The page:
2) the frangrance is lil over da top kinda lingers on for the next two days...sumthng like a mix of spice and aromatic oil.
3) takes long to wash out.
If u can tolerate all of the cons mentioned above!! this is a product u shud definately use. I think had my hair been lighter the color would be more prominent.
I love Lush Henna! It has totally rejuvenated my hair. I had ruined my hair by changing the colour every few months. Red/Black/Red/Brunette/Red/Blonde/Red. With some stripping and bleach washing thrown in. A year ago I almost had a split end on every hair. It was breaking off mid strand. It felt rough and I just hated it. But no way was I cutting it. I love having long hair so I had to find a way to fix it. Now it is soft, very shiny and I get compliments on it most days.
No more nasty chemicals = beautiful hair!
The drawbacks of the Henna is it looks like manure and it has to be left on for 6-8 hours. I leave it on overnight. Oh and it takes a bit of work to wash out the next morning.
It is worth it though. Have a look at my pictures, 2009 pic and 2010 pic. Big difference in shine and the vibrancy of the colour.
My natural hair colour is strawberry blonde so my roots are a vibrant bright red colour. The colour also lasts longer than any other red I've used (a lot). Including Salon colours. I plan on using this forever!
Some Tips for using it:
1 Be prepared for a mess! I put down newspaper and clear away anything that might get splashed and once I have it in my hair, I clear up.
2 When rinsing it out try to get most of it out first under the water, then put in lots of conditioner and with that in try to get most of the bits out. I just keep rubbing it, then shampoo, rinse apply more conditioner and try to get it all out, shampoo, condition.
3 I just chop up the block into little bits rather than grate it. I did that the first time, it takes ages to do and I had a sore arm the next morning!
4 Now I only do the roots. So I mix it up quite thick and cover the roots. Mix the rest with conditioner and apply to the length.
5 I always try to deep condition my hair for the days before I Henna to lock in the moisture. I also use a boar bristle brush right before I put it in to get all the tangles out and to really smooth out my hair.
I wanted to dye my hair for a long time but I was always very afraid of chemical hair dyes. Henna seemed like a good option but unfortunately it didn't work on me. Black hair is so difficult to dye! I guess if I want any colour I will have to resort to chemical hair dyes.
This product did give a very slight tint to my hair but you would only be able to tell in bright lighting. The cocoa butter made my hair softer so that was an added bonus. But the worst part of using henna, in my opinion, is having to clean the washroom and bathtub after rinsing it off. It will splash and stain everything. Almost gave me a backache!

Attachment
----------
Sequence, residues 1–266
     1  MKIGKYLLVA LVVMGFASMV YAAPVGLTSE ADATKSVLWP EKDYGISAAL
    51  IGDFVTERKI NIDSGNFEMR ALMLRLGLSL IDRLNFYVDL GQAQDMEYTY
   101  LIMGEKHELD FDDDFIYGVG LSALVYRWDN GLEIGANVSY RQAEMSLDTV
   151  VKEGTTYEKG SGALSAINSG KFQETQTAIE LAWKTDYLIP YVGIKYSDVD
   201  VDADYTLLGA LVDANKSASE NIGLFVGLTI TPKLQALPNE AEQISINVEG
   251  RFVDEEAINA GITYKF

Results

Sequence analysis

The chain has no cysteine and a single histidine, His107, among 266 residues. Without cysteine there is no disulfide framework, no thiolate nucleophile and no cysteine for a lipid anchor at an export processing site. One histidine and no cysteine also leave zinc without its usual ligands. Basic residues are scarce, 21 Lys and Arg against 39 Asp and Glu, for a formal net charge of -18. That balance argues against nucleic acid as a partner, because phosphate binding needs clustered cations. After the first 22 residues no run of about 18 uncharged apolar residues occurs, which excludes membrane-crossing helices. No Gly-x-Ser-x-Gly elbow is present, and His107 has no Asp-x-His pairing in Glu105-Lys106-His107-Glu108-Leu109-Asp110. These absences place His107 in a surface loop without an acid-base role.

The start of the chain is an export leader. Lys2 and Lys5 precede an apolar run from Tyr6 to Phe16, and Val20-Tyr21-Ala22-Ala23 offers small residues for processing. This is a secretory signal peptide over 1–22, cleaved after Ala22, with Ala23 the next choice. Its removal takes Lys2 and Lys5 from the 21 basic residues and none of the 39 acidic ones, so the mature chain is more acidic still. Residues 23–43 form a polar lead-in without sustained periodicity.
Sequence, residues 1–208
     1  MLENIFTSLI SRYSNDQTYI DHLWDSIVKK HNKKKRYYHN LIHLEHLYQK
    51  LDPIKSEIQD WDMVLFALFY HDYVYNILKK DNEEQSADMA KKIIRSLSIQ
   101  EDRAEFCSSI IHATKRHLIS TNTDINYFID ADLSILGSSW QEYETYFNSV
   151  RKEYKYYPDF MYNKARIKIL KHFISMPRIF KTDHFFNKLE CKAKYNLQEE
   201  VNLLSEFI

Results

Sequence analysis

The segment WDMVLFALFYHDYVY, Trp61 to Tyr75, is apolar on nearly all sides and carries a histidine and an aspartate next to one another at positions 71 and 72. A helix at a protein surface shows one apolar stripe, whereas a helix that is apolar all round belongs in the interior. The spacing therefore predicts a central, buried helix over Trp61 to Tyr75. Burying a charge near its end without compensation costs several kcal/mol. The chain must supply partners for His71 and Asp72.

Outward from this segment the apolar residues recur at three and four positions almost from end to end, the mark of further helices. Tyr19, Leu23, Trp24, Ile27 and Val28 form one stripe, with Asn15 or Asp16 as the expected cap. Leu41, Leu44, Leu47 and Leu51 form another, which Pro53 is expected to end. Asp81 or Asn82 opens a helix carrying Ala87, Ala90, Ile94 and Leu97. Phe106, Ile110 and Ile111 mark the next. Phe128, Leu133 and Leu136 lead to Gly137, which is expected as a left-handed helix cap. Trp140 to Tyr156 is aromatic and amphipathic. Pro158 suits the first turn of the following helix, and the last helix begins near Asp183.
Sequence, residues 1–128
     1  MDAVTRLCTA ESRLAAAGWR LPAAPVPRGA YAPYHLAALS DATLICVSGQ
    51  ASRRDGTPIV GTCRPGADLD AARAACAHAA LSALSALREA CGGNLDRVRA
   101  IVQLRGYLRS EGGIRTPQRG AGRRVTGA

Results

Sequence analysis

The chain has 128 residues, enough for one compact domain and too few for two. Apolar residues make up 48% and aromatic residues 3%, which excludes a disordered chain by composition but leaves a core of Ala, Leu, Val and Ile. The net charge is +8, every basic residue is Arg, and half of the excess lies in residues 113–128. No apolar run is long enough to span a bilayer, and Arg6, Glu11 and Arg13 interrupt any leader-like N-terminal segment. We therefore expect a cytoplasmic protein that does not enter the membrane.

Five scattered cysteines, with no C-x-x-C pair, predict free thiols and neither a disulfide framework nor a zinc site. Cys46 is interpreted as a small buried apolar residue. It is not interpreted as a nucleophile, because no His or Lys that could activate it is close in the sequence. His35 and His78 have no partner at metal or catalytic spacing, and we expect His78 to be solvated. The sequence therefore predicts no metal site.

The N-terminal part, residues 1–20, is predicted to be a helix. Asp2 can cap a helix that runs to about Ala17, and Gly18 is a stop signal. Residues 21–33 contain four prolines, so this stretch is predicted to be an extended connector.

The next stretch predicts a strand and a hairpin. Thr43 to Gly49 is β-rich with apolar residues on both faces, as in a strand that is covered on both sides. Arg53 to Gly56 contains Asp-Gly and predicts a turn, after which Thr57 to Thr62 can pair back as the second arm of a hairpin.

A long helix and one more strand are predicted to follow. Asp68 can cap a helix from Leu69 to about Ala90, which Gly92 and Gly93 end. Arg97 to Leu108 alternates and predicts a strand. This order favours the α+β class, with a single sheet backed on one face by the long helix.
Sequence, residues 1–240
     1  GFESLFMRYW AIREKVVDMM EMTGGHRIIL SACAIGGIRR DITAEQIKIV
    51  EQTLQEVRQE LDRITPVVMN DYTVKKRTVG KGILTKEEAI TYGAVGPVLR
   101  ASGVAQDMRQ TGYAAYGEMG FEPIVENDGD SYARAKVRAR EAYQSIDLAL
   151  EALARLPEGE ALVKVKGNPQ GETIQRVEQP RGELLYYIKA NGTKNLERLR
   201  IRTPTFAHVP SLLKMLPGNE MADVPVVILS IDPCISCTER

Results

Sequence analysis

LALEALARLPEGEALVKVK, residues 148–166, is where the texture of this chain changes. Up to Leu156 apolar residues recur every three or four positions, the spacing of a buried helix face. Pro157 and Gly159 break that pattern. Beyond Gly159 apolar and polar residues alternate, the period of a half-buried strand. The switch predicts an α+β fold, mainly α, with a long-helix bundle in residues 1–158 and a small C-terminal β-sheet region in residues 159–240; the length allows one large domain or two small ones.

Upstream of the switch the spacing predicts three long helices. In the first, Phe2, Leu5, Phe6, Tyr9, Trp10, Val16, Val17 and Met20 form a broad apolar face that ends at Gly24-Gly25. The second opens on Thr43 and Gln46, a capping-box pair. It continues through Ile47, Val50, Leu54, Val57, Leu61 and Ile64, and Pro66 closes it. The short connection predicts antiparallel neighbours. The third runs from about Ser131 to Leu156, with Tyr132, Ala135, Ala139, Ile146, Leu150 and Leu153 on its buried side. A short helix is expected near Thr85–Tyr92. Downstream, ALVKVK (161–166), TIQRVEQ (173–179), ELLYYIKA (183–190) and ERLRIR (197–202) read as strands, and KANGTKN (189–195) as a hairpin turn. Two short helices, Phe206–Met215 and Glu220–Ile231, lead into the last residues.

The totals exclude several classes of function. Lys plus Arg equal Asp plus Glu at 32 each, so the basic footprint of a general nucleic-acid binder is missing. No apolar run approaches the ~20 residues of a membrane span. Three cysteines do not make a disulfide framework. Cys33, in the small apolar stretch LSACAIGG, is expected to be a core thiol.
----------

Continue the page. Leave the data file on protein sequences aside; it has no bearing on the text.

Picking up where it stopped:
I have not used the LUSH Henna. But this is just a general suggestion for people who love using Henna. I was born in India and my mom always used henna to color her hair. Actually, the chemical hair coloring started in India only a few years ago, and still color is something which only like 30% of the people use I believe. And in my teenage, I started using it as well because it conditioned my hair and made it shiny. I still use it on my hair , and I always get great results. So, my suggestion is that if there are any Indian grocery stores near your place, you can get like really cheap henna from there. It is probably 3 or 4 bucks. Or if you have an East Indian friend, you can ask them to get you henna from India. It is only like 2, 3 bucks over there. The way my mom and me made the henna paste was- take an iron pot, boil tea and use that water to mix henna, add an egg, 1 or 2 spoons of coconut or olive oil or any other kind of oil, aamla powder, and sometimes few drops of lemon juice and yougurt as well. We made at night and used to apply it in the morning and leave it for atleast 4 hrs. It is definitely messy to wash, but it is a natural 3 in 1 treatment for hair- coloring, deep conditioning, shine, softness without any chemicals.
I used to be one of those people who was constantly dying my hair. I decided to try LUSH's Henna product, and ever since I have fallen in love with how it has enhanced my natural hair color.
A word of warning, be prepared to spend the whole day on this project. Which can be fun, but if you're expecting it to take an hour or two you'll be in for a surprise :)